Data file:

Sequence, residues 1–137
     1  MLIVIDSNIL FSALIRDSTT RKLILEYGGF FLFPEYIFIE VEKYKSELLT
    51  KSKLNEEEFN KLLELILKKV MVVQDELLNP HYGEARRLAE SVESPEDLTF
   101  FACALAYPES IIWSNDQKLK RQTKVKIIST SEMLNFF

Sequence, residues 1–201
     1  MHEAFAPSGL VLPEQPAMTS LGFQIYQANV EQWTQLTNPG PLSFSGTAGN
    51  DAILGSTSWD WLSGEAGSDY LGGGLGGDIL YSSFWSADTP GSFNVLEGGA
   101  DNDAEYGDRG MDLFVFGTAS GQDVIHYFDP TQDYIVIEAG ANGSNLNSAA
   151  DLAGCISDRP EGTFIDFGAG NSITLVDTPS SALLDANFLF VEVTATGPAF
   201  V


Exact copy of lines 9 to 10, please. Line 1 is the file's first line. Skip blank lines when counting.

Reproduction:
   151  DLAGCISDRP EGTFIDFGAG NSITLVDTPS SALLDANFLF VEVTATGPAF
   201  V